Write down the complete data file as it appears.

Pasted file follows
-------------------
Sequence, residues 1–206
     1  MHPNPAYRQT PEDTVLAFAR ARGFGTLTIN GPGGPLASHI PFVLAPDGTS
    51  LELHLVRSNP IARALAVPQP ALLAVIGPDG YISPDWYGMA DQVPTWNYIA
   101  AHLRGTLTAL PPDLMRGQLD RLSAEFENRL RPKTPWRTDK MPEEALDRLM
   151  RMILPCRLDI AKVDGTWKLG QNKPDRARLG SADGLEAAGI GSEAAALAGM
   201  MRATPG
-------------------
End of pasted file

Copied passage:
Sequence, residues 1–206
     1  MHPNPAYRQT PEDTVLAFAR ARGFGTLTIN GPGGPLASHI PFVLAPDGTS
    51  LELHLVRSNP IARALAVPQP ALLAVIGPDG YISPDWYGMA DQVPTWNYIA
   101  AHLRGTLTAL PPDLMRGQLD RLSAEFENRL RPKTPWRTDK MPEEALDRLM
   151  RMILPCRLDI AKVDGTWKLG QNKPDRARLG SADGLEAAGI GSEAAALAGM
   201  MRATPG